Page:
The King presented K-pop band Blackpink with honorary MBEs a day after hailing them as environmental champions.
Charles handed medals to South Korean megastars Jennie Kim, Jisoo Kim, Lisa Manobal and Rose Park at Buckingham Palace.
They were joined by the country's President Yoon Suk Yeol and First Lady Kim Keon Hee during their state visit to the UK.
| L to R - Lisa, Rose, Jisoo Kim and Jennie Kim happy with their MBEs
| South Korea's president is on a state visit to the UK
The King told the band he was "so glad" to present them with the MBEs adding he hoped to see them "perform live at some point".
Jennie told the King that receiving the MBE was "the most honourable thing for us"
The biggest girl group in South Korea amassed millions of views on their climate videos during the COP26 in Glasgow two years ago after being appointed as one of the summit's advocates.
One of their appeals features the band members speaking in English, Thai and Chinese as they called for global leaders to take climate action and "save our planet".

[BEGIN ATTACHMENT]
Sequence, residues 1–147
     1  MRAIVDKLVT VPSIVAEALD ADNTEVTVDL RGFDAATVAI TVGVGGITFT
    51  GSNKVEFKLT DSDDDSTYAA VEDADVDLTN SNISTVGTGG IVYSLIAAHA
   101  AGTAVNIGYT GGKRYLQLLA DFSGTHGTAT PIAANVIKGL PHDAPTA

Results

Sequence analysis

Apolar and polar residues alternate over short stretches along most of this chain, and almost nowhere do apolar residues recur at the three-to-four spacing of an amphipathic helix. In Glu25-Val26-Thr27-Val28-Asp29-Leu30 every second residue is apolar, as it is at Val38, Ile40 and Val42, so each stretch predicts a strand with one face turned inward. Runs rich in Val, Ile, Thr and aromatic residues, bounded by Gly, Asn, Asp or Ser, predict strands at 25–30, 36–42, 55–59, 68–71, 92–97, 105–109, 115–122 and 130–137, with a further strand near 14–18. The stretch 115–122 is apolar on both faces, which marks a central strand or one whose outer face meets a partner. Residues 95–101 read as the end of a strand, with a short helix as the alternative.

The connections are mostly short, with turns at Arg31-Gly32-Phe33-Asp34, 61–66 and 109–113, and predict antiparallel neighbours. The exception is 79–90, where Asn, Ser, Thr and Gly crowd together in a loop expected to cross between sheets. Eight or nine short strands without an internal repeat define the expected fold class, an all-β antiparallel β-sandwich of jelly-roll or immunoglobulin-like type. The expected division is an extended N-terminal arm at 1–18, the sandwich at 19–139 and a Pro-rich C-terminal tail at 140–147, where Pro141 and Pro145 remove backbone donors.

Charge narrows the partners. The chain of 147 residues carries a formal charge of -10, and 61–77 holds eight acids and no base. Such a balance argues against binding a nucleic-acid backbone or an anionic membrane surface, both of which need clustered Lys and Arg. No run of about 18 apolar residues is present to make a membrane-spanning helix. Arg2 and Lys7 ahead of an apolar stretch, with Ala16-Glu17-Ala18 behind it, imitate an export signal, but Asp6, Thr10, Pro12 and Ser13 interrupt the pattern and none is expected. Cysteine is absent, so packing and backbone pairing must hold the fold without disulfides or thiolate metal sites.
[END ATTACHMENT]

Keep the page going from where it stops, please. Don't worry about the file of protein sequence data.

After the presentation, Charles discussed the band's recent tour and joked to the group: "The great thing is that you're still talking to each other after all these years of working together."
Blackpink became the first Korean band to headline a major UK festival, BST Hyde Park, during the summer.
One of the band's most popular songs Ddu-Du, Ddu-Du - with more than 2 billion hits on YouTube - was played during the guard change.
Viral K-pop song, Gangnam Style, by Psy and the Korean folk song, Arirang, were also played before the investiture.
The musical tribute to South Korea comes a day after the King praised Blackpink during his state banquet address.
| Blackpink ahead of the State Banquet
He said: "I applaud Jennie, Jisoo, Lisa and Rose, better known collectively as Blackpink, for their role in bringing the message of environmental sustainability to a global audience as ambassadors for the UK's presidency of COP26, and later as advocates for the UN sustainable development goals.
"I can only admire how they can prioritise these vital issues, as well as being global superstars. Sadly, when I was in Seoul all those years ago, I am not sure I developed much of what might be called the Gangnam Style!"
K-pop, short for Korean popular music, includes styles and genres from around the world, such as hip hop, rock and R&B, on top of its traditional Korean music roots.